Background: Antithrombin (AT) is an endogenous protein of the serpin superfamily involved in regulation of the proteolytic activity of the serine proteases of the coagulation system. AT is known to exhibit anti-inflammatory and cardioprotective properties when it binds to distinct heparan sulfate proteoglycans (HSPGs) on vascular endothelial cells. The energy sensor AMP-activated protein kinase (AMPK) plays an important cardioprotective role during myocardial ischemia and reperfusion (I/R). The objective of this study was to investigate whether the cardioprotective signaling function of AT against I/R injury is mediated through the AMPK pathway.
Methods and Results: The cardioprotective activities of wild-type (WT) AT and its two recombinant derivatives, one having high affinity and the other no affinity for heparin, were evaluated in an acute I/R (20 min/4 h) injury model in which the left anterior descending coronary artery (LAD) was occluded. The serpin derivatives were given 5 min before reperfusion. The results showed that AT-WT can activate the protective AMPK signaling pathway in both in vivo and ex vivo conditions. Blocking AMPK activity abolished the cardioprotective function of AT against I/R injury. The AT derivative having high affinity for heparin was more effective in activating AMPK, but the derivative lacking any affinity for heparin was inactive in eliciting AMPK-dependent cardioprotective activity. The activation of AMPK by AT inhibited the inflammatory c-Jun N-terminal protein kinase (JNK) pathway during I/R. Further studies revealed that the AMPK activity of AT also modulates cardiac substrate metabolism by increasing glucose oxidation but inhibiting fatty acid oxidation during I/R.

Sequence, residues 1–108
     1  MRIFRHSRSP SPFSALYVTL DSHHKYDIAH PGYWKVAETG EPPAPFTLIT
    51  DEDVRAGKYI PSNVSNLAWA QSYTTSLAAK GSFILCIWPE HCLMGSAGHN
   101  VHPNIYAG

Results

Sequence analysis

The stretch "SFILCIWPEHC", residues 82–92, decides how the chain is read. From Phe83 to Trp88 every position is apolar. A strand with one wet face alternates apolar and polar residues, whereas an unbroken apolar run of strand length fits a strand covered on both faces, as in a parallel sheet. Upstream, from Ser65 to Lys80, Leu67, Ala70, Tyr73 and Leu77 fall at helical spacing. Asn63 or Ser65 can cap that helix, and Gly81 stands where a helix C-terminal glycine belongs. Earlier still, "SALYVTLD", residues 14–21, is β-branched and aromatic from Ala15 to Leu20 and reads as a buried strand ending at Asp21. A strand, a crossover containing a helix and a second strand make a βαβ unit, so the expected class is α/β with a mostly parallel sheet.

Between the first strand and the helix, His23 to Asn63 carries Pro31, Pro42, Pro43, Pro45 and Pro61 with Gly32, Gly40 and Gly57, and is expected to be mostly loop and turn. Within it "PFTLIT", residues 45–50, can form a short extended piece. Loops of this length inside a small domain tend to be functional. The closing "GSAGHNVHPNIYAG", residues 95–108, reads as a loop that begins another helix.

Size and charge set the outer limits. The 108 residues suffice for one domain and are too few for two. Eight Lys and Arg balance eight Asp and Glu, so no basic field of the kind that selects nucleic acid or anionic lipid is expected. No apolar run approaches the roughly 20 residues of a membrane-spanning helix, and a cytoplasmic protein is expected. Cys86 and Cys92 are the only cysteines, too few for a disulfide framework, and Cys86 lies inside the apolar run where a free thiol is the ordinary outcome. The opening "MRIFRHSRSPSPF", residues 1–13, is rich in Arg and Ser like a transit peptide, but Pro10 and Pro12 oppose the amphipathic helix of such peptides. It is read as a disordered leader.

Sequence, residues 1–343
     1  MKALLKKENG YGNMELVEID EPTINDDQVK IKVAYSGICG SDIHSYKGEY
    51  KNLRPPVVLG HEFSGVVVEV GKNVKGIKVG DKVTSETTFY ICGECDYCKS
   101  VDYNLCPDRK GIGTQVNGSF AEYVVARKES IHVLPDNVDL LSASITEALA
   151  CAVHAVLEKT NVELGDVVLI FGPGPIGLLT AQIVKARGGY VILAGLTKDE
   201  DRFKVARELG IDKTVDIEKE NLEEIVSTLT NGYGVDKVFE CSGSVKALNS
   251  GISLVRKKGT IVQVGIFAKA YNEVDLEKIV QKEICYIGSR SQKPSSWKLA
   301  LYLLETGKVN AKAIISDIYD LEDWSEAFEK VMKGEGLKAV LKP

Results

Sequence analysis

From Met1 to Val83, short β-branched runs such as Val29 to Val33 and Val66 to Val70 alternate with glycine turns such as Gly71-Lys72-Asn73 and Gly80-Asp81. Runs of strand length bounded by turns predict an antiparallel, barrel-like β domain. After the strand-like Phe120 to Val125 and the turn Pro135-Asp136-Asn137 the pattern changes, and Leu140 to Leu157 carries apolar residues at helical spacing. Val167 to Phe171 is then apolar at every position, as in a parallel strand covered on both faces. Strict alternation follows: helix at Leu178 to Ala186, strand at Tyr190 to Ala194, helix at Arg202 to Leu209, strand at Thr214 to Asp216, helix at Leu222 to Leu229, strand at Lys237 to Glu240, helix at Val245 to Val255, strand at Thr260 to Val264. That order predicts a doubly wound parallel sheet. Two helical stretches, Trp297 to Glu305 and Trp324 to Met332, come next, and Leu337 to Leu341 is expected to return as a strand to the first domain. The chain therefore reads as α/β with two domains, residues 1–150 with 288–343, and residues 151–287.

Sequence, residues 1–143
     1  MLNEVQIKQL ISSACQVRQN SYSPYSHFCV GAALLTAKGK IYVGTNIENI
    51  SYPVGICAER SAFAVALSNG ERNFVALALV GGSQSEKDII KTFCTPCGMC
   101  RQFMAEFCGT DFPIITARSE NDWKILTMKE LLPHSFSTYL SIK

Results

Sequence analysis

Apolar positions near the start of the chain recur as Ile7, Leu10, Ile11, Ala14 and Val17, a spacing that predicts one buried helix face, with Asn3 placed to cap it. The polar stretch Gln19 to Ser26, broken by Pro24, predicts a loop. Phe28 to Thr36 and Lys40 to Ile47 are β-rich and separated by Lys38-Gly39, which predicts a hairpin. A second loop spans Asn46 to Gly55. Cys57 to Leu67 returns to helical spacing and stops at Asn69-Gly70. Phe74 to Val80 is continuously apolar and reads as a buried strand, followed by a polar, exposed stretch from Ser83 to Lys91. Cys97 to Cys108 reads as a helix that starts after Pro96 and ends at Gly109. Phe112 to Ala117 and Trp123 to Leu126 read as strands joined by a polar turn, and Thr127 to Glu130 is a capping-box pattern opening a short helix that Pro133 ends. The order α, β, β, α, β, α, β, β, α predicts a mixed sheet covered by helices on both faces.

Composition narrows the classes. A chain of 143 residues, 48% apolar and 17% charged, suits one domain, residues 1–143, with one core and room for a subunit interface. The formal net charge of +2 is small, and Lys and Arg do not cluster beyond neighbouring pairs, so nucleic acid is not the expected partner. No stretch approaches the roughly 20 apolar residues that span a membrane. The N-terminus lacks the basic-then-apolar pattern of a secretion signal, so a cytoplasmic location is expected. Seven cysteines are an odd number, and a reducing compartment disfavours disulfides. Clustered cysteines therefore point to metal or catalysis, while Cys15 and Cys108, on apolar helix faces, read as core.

Conclusions: These results suggest that AT binds to vascular HSPGs to invoke a cardioprotective function by triggering cardiac AMPK activation, thereby attenuating JNK inflammatory signaling pathways and modulating substrate metabolism during I/R.